IMAGEWrites: Lucy White has the quarantine birthday we all deserve: safe, sound & unremarkable
On her birthday, Lucy White reflects on memories of far-distant glasses clinking in a busy bar. And the fingerprints of a loving touch, which will her on to stay inside to save lives
The day starts with the sound of ominous scampering. Sleep-groggy, I decide it’s a rodent accidentally dropped by a low-flying owl and running amok in the sliver between the ceiling and flat roof. I sink my head below the duvet, in case the uninvited guest slips through an imaginary hole in the ceiling and plops on to my head. Happy birthday to me.
This year it’s just me, my boyfriend, four walls and possibly one mouse.
Birthdays in my fourth decade have included watching The Sound of Music with girlfriends at the Stella Cinema; suites at Sheen Falls Lodge and Park Hotel Kenmare; watching the ballet at Boston Opera House and – the pièce de résistance – milking my 40th for at least a fortnight, hosting a 1920s-themed party in Dublin before a family affair in London, including a bucket-list-stay at Claridge’s. This year it’s just me, my boyfriend, four walls and possibly one mouse.
Signs and messengers
Then a succession of WhatsApp pings. A builder’s tea eventually enters my field of vision, as does an electronic card from my boyfriend because there are no shops open selling nice ones. I appreciate the effort of the black and white photo collage. Mail-ordered gifts appear on the bed, including a very fetching Aubrey Beardsley kimono from Tate Britain’s online shop (the Beardsley exhibition having been postponed due to the virus), then the familiar rip of brown cardboard: a parcel from my oldest friend with whom we vowed to buy each other books every birthday and Christmas until death do us part.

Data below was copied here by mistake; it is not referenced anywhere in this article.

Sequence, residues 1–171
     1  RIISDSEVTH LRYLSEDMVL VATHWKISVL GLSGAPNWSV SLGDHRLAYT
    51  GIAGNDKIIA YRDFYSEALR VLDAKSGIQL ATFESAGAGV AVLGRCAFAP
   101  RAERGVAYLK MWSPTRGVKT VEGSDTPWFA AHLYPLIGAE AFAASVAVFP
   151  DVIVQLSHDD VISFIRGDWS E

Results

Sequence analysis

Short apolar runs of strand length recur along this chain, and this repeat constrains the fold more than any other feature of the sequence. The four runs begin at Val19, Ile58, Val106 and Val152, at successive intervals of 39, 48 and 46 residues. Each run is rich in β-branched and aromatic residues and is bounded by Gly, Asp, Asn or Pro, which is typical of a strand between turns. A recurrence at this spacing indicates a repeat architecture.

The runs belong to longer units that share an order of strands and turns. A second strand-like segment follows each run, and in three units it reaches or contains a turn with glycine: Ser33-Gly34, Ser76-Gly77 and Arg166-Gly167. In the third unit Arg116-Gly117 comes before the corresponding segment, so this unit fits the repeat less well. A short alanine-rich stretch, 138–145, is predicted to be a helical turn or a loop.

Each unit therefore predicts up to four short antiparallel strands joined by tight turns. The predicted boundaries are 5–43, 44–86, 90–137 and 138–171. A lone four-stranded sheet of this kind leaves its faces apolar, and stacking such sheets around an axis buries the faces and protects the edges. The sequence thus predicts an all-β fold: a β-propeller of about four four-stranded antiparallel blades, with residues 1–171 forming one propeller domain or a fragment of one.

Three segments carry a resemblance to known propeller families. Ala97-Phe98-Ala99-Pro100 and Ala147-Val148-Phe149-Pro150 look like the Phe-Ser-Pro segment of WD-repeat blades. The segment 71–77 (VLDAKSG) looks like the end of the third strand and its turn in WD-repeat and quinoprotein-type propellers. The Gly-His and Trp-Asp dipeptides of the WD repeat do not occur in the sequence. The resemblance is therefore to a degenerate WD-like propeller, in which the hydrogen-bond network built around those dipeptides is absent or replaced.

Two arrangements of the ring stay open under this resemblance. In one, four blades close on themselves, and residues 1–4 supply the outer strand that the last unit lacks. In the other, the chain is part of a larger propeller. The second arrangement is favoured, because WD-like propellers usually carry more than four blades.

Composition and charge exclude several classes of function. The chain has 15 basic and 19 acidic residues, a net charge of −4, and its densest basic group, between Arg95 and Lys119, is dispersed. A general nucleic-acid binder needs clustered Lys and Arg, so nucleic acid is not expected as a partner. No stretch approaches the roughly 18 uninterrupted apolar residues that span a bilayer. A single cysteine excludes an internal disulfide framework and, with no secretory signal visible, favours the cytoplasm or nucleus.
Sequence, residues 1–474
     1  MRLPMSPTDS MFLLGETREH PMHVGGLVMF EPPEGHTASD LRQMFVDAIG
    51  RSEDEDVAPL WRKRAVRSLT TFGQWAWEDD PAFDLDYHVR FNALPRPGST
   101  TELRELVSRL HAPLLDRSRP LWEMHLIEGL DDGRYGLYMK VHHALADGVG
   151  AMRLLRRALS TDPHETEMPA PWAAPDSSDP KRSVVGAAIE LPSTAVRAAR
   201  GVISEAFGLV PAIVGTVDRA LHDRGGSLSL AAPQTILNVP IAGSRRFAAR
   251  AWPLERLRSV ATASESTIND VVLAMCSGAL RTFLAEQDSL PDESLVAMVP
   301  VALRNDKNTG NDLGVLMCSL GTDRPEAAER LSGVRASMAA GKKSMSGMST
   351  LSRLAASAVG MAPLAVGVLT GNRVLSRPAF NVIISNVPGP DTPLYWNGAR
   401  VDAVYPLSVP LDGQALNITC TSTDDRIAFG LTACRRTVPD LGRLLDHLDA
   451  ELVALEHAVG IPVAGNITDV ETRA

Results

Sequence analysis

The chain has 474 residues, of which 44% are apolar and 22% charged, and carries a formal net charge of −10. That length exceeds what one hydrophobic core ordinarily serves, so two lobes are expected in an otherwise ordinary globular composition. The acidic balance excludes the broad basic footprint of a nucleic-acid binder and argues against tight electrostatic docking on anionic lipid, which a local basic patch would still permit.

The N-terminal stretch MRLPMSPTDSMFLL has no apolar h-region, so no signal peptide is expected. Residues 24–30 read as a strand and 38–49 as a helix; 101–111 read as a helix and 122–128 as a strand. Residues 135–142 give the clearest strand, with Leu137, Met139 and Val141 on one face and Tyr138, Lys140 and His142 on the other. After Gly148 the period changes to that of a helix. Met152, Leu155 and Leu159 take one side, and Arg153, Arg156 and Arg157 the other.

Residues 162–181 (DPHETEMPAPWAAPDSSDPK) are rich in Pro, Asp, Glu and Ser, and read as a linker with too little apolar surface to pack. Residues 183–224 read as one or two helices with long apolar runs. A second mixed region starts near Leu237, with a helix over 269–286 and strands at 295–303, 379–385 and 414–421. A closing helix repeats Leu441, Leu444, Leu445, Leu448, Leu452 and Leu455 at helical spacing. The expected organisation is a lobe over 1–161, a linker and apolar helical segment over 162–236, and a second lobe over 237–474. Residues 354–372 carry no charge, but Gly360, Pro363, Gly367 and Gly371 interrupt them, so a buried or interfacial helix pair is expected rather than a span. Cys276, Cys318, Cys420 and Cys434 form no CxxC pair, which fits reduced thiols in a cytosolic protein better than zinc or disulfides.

Before I have time to type a thank-you text, a pair of goldfinches bat against the window. “It’s a sign!” I cry, referring to the childhood address of my book-giving friend (Goldfinch Close) and her previously gifting me Donna Tartt’s The Goldfinch. Himself goes further. “If that was my mam, now, she’d say they were sent as messengers,” he says. I put my usual pragmatism aside and nod, sagely.
Mother Nature taking control
We are all Twitchers now. Our world has shrunk to a two-kilometre radius and so we I-spy the local corvids, blue tits, pied wagtails, wood pigeons, song thrushes and sparrows. In a welcome twist, the infamously bolshy Howth seagulls have largely scarpered. Coronavirus means no takeaway fish’n’chips, which means no tourists, which means no street-level scraps to plunder.
The pair of herring gulls that screech and nest on the nearby rooftop every summer are still around, but less so. Instead, the hum of bumblebees, whose furry flights occasionally send me fleeing inside, away from a potential fracas. I am nonetheless happy to see an increase in these endangered pollinators on whom our survival depends. Mother Nature is taking control.
And then a flash of russet – a vixen, whose banshee-cries have interrupted my sleep this week. Oddly, foxes are the one things keeping me, an insomniac, awake since I was furloughed. No longer managing a small team, juggling deadlines and commissions, my mind has never been more still against the wider, actual and existential threat of C-19. I am neither fighting or flighting. I just am.
While I have readily surrendered to a vanity-free lockdown – the slow creep of natural roots, the rogue eyebrow hairs, the parade of “loungewear” – today I declare a sense of occasion with a full face of makeup, taking extra care to blow-dry my bob and slip into the Beardsley kimono. Spanish flu chic.